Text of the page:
USC proposes $215 million settlement in suit stemming from sex assault accusations against gynecologist

Rob Hayes Image
Saturday, October 20, 2018
USC proposes $215M settlement in alleged gynecologist abuse
USC announced that it has reached a $215 million class-action lawsuit settlement to compensate students who received health services from Dr. George Tyndall.

LOS ANGELES (KABC) -- The University of Southern California announced Friday that it reached a $215 million class-action lawsuit settlement "in principle" to compensate students who received health services from Dr. George Tyndall, a former campus gynecologist who has been accused by more than 100 women of sexual abuse.

The settlement was reached in collaboration with the plaintiffs' counsel, USC interim president Wanda Austin said in an open letter addressed to the "USC community."

"By doing so, we hope that we can help our community move collectively toward reconciliation," Austin said. "I regret that any student ever felt uncomfortable, unsafe, or mistreated in any way as a result of the actions of a university employee."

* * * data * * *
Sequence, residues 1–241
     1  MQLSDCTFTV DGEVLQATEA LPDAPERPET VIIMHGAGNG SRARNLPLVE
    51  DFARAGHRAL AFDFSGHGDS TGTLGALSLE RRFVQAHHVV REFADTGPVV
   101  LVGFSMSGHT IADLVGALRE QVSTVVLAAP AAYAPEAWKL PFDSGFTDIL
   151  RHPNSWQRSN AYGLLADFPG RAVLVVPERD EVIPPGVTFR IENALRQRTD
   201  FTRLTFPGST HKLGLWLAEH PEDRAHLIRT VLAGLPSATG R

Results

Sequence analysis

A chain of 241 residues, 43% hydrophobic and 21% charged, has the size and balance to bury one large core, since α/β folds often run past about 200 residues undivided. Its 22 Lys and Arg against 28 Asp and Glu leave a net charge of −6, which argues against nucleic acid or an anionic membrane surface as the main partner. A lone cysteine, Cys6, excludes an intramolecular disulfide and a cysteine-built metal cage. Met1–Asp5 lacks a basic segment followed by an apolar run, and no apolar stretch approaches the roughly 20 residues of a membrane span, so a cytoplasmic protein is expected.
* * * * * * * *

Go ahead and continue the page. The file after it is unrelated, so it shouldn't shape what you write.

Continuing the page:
Lawyers called for California's attorney general to investigate USC and its involvement over the sex abuse scandal surrounding former gynecologist Dr. George Tyndall as more victims came forward Thursday.

According to the statement, each former student who received health services from Tyndall will receive $2,500. Those who are willing to provide further details about their experience may be eligible for up to $250,000 in additional compensation.

"It's not a victim's settlement. It's a protect Dr. Tyndall settlement and protect USC settlement," attorney Mike Arias said.

He represents more than 80 women who are suing USC and more than 460 people are already part of lawsuits against USC over the Tyndall case. Arias is advising his clients and urging others not to take the settlement, calling it a low-ball offer designed to make the case go away quickly and cheaply.

"If you're a victim, do not make any decisions now. There's no need to rush to do so. You need to take time, it needs to be evaluated. Don't let USC make you a victim a second time by rushing you to do something that you shouldn't do," Arias said.

Tyndall, who denies the allegations, has not been charged with a crime.

He spent about three decades as a USC staff gynecologist before retiring last year after a USC investigation concluded there was evidence he sexually harassed students during physical examinations.

USC also said that any money leftover from the settlement will be donated toward charities advocating for women's health and well-being.